Virginia: U.S. House District 10
100% districts reporting:
Barbara Comstock (R)
John Foust (D)
William Redpath (L)
Brad Eickholt (I)
Gerry Blais (IG)
Shortly after 10 p.m. Tuesday night, Republican Del. Barbara Comstock entered the Hilton ballroom in Ashburn to the tune of her favorite song - “This One’s for the Girls” sung by Martina McBride.
“I guess I’m finally getting a real job.”
— Barbara Comstock in her victory speech
The sassy, defiant country anthem – which tells girls to “stand your ground when everyone’s giving in” – struck the right chord with Comstock’s supporters, who chanted and clapped along with the music as Comstock took the stage to deliver her victory speech.
Comstock, 55, was clearly savoring the moment, defeating Democrat John Foust, by a resounding 17 points for the Northern Virginia Congressional seat held by retiring Rep. Frank Wolf, Comstock’s former boss and longtime political mentor.
Her decisive victory Tuesday ended one of the most contentious, expensive and closely-watched races in the Commonwealth.
When Wolf announced his retirement last December, the news sparked a flurry of speculation about the district’s possible political shift, from solid Republican territory to more moderate “swing” district.
Democrats became bullish on the seat that had not been competitive for 30 years, and saw a prime pick-up opportunity.
In February, The Rothenberg Political Report rated the race as “leans Republican,” noting that in recent elections, the district supported both Republicans and Democrats in presidential and gubernatorial races. The Washington Post ranked the seat as “the sixth most likely seat to flip control” in the 2014 election.
BUT COMSTOCK, according to both GOP and Democratic party insiders, ran an extremely disciplined campaign, and consistently delivered an appealing, moderate message to voters.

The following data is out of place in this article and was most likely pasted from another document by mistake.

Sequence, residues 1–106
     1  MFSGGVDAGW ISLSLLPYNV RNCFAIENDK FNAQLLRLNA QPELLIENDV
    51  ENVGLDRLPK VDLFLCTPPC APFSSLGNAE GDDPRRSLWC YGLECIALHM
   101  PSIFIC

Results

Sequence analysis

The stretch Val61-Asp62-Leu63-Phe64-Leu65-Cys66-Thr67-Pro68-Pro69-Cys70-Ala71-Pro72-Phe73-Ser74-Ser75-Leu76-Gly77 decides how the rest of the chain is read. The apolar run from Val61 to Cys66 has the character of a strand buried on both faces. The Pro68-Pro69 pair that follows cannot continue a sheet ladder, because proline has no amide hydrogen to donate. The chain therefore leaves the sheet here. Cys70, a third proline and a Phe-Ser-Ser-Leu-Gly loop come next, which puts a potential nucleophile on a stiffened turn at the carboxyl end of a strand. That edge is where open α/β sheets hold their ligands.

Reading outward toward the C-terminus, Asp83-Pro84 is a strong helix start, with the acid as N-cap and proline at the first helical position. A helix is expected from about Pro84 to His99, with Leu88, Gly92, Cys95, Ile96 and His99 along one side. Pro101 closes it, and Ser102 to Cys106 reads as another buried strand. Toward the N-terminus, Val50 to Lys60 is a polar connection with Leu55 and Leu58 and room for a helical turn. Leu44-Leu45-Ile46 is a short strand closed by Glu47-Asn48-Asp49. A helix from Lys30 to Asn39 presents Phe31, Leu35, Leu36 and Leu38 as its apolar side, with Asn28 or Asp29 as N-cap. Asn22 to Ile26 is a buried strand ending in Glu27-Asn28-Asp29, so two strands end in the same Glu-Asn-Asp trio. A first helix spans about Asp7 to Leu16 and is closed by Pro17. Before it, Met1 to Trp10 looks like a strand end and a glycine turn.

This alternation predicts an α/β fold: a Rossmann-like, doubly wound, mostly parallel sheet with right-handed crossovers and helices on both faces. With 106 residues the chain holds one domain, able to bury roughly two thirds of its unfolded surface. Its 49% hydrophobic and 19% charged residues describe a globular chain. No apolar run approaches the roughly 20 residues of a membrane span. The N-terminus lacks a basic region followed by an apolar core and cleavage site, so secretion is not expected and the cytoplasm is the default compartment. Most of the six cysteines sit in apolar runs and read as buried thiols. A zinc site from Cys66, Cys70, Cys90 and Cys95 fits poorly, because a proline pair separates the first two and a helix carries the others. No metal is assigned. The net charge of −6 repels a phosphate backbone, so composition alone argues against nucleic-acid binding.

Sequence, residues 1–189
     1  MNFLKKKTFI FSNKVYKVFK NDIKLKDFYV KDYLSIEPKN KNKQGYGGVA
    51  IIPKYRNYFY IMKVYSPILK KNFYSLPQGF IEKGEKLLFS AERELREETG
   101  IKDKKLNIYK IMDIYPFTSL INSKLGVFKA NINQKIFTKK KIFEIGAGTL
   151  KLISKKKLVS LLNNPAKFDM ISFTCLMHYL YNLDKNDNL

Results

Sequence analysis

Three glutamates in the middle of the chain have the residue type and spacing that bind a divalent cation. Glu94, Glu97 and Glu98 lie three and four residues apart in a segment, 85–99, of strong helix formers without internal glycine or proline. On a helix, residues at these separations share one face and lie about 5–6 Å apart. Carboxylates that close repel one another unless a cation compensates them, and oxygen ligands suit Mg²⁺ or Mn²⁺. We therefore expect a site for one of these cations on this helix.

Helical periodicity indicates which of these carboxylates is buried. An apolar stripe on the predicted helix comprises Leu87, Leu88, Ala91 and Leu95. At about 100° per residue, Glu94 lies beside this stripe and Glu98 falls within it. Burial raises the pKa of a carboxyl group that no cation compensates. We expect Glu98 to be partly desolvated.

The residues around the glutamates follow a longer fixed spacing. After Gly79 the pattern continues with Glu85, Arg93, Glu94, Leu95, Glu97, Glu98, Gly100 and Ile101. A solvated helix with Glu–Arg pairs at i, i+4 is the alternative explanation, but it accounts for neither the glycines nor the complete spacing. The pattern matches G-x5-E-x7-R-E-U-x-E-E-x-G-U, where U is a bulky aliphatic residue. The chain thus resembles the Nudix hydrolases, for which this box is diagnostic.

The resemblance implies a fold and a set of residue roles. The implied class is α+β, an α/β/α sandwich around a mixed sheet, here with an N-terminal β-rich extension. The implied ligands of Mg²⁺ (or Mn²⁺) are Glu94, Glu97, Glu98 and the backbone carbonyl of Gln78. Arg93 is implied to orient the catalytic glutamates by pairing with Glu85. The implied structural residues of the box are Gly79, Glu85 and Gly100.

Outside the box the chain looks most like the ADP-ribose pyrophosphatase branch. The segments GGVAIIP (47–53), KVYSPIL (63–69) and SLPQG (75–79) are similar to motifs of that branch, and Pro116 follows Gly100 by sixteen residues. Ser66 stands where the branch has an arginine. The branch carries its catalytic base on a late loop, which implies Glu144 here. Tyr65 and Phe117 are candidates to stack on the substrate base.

“It was her race to lose from the start,” said one longtime Democratic strategist.
As she addressed her supporters, Comstock thanked Wolf, and said she was “honored to follow in his footsteps.”
“We’ll take this great Virginia way and bring it to Washington for all of you.” Comstock said. “We know that government closest to the people is the government that works. The one thing I can promise you is that I’m going to work hard to push government down to you guys and gals in the 10th district.”
Then she took a final, defiant swipe at Foust.
“I guess I’m finally getting a real job,” Comstock quipped, referencing a comment Foust made during a debate about Comstock, a former Congressional aide and political lobbyist. Foust said his comments were taken out of context, but Comstock’s campaign accused Foust of being “sexist,” and repeatedly used the line against him in numerous campaign ads and stump speeches.
In his concession speech Tuesday before supporters at the Dulles Marriott, Foust, a Fairfax County Supervisor since 2007, alluded to the personal attacks and rancor that marked the contentious campaign.
“I think about the negative things my opponent said about me and the distortions,” Foust said, standing on the stage with his wife, Dr. Marilyn Jerome, and his two sons. “It was hurtful. I think about how I would feel if those things were said about my own father, and I’m sorry I put my sons through this…”
Foust said there were many more substantive issues the candidates “could have talked about,” and “so many things that remain to get done in Washington, things that led me to get into this race.”
In her victory speech, Comstock said she considered “hiring fabulous people” one of her best attributes, and brought her campaign manager – Susan Falconer – onstage to thank her.
“We beat the boys, didn’t we?” Comstock said.
AFTER HER SPEECH, Comstock left the stage as her theme song played again.
“I think it’s really cool that she played ‘This One’s for the Girls’ as she came in and left the stage,” said Eve Marie Barner Gleason from Loudoun County. “She has a remarkable ability to build coalitions. I don’t know anyone who can call her extreme.”